Cinnamon has been well-researched and may play a beneficial role in the management of metabolic syndrome, including the treatment of diabetes. A clinical trial in the Journal of Diabetes & Metabolic Disorders compared the effects cinnamon, probiotics, a synbiotic (cinnamon plus probiotic) and rice flour (placebo) had on fasting blood sugars.
Turns out, cinnamon, the synbiotic and probiotic all significantly decreased fasting blood sugars compared to the placebo.
"Basil is best known for adding distinct Italian taste to meals, like in Caprese salad, but it's also delicious with bell peppers, eggplant and zucchini," shares Newgent.
"But perhaps the most interesting basil pairing is with peaches, mangos, berries and watermelon. For instance, try a watermelon-basil beverage or a cold soup. Or, swap peaches in place of tomatoes for a fruitier Caprese-inspired salad or grilled sandwich."
Aside from adding a fresh balance to sweeter fruit, the nutrients in basil are linked to helping with symptoms of depression.
A September 2018 paper in the Journal of Psychiatry outlined a nutrient profile scoring system for certain foods that may help fight depression.
Fresh herbs — specifically cilantro, basil and parsley — were some of the highest-ranking (i.e. most beneficial) foods, along with leafy greens like spinach, watercress, romaine and Swiss chard.
"I adore the pairing of fresh cilantro and its refreshing anise-like fragrance with mangos, tomatoes or avocado, especially for providing Mexican flair, like in pico de gallo (fresh chunky salsa)," Newgent says.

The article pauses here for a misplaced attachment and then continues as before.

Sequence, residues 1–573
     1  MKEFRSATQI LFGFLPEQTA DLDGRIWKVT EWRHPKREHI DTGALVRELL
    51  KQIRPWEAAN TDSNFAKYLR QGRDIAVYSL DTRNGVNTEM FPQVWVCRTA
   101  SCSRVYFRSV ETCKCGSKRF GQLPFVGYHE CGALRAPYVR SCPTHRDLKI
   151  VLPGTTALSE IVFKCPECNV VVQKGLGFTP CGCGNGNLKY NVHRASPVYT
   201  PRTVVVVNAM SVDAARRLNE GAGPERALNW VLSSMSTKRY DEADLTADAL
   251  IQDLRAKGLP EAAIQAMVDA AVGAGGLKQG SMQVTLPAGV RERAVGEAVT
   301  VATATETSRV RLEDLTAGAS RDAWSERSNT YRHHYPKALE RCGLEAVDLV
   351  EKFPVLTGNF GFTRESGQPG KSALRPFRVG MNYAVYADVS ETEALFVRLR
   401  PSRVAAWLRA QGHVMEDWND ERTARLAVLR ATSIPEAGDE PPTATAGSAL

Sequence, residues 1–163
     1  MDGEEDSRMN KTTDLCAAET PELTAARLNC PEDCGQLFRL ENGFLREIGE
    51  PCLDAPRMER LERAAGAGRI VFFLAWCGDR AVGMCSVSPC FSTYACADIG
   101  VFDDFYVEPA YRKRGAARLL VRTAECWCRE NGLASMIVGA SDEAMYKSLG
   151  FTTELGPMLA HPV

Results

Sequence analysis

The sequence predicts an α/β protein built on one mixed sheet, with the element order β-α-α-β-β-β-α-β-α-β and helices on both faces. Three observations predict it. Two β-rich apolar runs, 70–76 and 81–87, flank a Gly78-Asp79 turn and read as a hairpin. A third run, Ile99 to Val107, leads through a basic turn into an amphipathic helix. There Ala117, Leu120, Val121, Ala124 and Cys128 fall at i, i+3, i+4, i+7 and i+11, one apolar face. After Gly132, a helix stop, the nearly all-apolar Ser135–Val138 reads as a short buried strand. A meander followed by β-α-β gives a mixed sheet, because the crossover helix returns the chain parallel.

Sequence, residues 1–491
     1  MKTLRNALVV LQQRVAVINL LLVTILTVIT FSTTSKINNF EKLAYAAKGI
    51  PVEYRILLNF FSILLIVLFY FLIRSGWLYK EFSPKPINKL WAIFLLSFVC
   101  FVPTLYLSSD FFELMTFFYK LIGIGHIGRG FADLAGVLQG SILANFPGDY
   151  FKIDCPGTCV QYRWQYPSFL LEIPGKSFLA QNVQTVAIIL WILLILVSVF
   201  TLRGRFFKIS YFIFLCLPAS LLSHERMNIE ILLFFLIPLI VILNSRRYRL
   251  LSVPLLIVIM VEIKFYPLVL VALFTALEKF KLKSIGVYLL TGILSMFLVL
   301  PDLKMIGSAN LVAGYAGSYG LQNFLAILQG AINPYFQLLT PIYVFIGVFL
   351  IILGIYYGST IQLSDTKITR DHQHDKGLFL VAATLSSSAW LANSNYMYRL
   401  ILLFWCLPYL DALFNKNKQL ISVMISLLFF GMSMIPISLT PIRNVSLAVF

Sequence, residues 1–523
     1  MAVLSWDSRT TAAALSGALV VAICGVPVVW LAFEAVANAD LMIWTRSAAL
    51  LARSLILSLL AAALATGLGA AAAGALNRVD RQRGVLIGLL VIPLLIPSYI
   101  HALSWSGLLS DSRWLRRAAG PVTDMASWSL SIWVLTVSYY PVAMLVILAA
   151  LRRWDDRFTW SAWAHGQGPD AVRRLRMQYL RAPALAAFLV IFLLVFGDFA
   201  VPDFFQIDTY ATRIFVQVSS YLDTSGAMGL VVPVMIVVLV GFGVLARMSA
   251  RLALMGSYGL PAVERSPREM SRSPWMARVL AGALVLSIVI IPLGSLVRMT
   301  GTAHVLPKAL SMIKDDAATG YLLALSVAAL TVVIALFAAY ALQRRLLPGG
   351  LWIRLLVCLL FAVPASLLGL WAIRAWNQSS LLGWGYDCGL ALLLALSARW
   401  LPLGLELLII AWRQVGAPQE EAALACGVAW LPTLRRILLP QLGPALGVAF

"Try an intriguing sweet-smoky version by brushing mango chunks with oil, grilling them and then dicing and combining them with fresh cilantro, red onion, jalapeno, lime juice and sea salt."
There are healthy reasons to add cilantro, too. In addition to its link to improving depression per the Journal of Psychiatry study, it may protect your brain in other ways, too, according to an April 2019 study in the Journal of Traditional and Complementary Medicine.
The review found that cilantro is tied to helping relieve anxiety and insomnia.
6. Black Pepper
OK, we know we said to branch out, but hear us out. Freshly ground black pepper pairs super well with fruit — especially summer fruit.
"When I toss fresh or grilled strawberries into salads, I add plenty of black pepper, which adds a perfectly pungent balance for the fruity sweetness," shares Newgent. The spice also works well with pineapples, plums and peaches.
You can feel good about adding pepper (minus the salt) because it may benefit your health, too.
Adding black pepper when grilling (especially with meats), might help reduce the formation of cancer-related heterocyclic amines (HCAs), per Kansas State University.
So the next time you're grilling, sprinkle ground black pepper on everything — fruit, vegetables and meat — for added flavor and health benefits.
- Centers for Disease Control: "Disparities in State-Specific Adult Fruit and Vegetable Consumption — United States, 2015"
- Advances in Nutrition: "Health-Promoting Components of Fruits and Vegetables in the Diet"
- Open Heart: "Capsaicin May Have Important Potential for Promoting Vascular and Metabolic Health"
- North American Journal of Psychology: "Effects of Peppermint and Cinnamon Odor Administration on Simulated Driving Alertness, Mood and Workload"
- Journal of Diabetes & Metabolic Disorders: "Effects of Probiotic, Cinnamon, and Synbiotic Supplementation on Glycemic Control and Antioxidant Status in People with Type 2 Diabetes; a Randomized, Double-blind, Placebo-controlled Study"
- World Journal of Psychiatry: "Antidepressant Foods: An Evidence-based Nutrient Profiling System for Depression"
- Journal of Traditional and Complementary Medicine: "Neuroprotective Potency of Some spice Herbs, a Literature Review"
- Kansas State University: "Good news for grilling: Black pepper helps limit cancerous compounds in meat, study shows"